MASW and refraction/reflection geophones: commercial legends
Sometimes they propose you two sets of (vertical) geophones: the 4.5Hz set for the so-called MASW and the 10 or 14Hz for the refraction/reflection data.
Of course, if you know the fundamentals of seismics, you should understand by yourself that this is totally meaningless (so a huge waste of money) and that you actually just need the 4.5Hz geophones.
Why? For at least two very obvious reasons:
- 4.5Hz geophones "include everything" above a certain frequency (say above more or less 2Hz - below that frequency the amplitude is normally too low).
Low frequencies are necessary for analyzing the surface wave propagation (MASW/ReMi/ESAC etc)... but they say that for refraction studies you need to "focus" only on the high frequencies (say between 10 and 200Hz - above that frequency the information is completely irrelevant for us).
Well, if you acquire a dataset with your 4.5Hz geophones, you can very easily remove the low frequencies with a simple high-pass filter. This way you can use the same data both for MASW (using the low frequencies) and, by removing the low frequencies with a simple click of the filter tool in winMASW, for refraction/reflection studies.
- But is it really necessary removing the low frequencies for analyzing the refracted events?!
Actually if you just focus on the very basic principles of refraction studies, you will easily understand that this is not even necessary.
Just consider the vertical component (so the Rayleigh waves and the P-wave refraction): Rayleigh waves are much slower than the refracted P waves (not by chance what you pick in a refraction study are the so called first arrivals).
This means that Rayleigh waves arrive much later with respect to the first arrivals related to the P-wave refraction.
So, if you carefully analyze a dataset acquired using 4.5Hz geophones you will see first the P-wave refraction and then (much later) the arrival of the Rayleigh waves.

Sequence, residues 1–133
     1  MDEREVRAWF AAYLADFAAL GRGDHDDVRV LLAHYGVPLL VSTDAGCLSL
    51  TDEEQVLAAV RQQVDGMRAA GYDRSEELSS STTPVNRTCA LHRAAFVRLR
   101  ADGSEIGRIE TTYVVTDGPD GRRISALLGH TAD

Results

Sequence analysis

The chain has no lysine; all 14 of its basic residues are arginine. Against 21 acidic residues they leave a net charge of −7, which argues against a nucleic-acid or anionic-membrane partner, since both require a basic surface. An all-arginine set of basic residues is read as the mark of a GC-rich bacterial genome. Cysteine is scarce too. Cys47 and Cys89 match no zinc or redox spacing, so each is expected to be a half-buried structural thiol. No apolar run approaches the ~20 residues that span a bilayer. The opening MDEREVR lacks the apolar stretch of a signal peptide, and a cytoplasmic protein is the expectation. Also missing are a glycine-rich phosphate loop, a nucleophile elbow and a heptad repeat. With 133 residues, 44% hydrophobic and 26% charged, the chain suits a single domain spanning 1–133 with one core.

So there's no so-to-speak "interference" or problems in having (in the same dataset) both refractions and Rayleigh waves (things are actually different if you want to analyze the reflections, but in that case a simple high-pass filter will be enough).
So, save your money to buy a set of horizontal 4.5Hz geophones for acquiring Love waves and the radial component of Rayleigh waves (and of course for SH-wave refraction/reflection studies)!
And always ask the polarity of the geophones (some techniques require to know it)!
Joint Acquisition of the Z and R components for the joint analysis of the Z and R velocity spectra and the RPM (Rayleigh-wave Particle Motion) data
The picture shows the correct orientation of our horizontal (H) geophones for an active acquisition (the source is on the left) [see the sticker on it]. Please, notice that in order to properly define the correct orientation of the H geophone, the vertical and H geophones must be tested together. Of course, if you are not interested in the computation/analysis of the RPM data, the orientation of the horizontal geophone is not important (if you orient your H geophones on the other side - 180° rotation - your radial component data can be used for the analysis of the dispersion).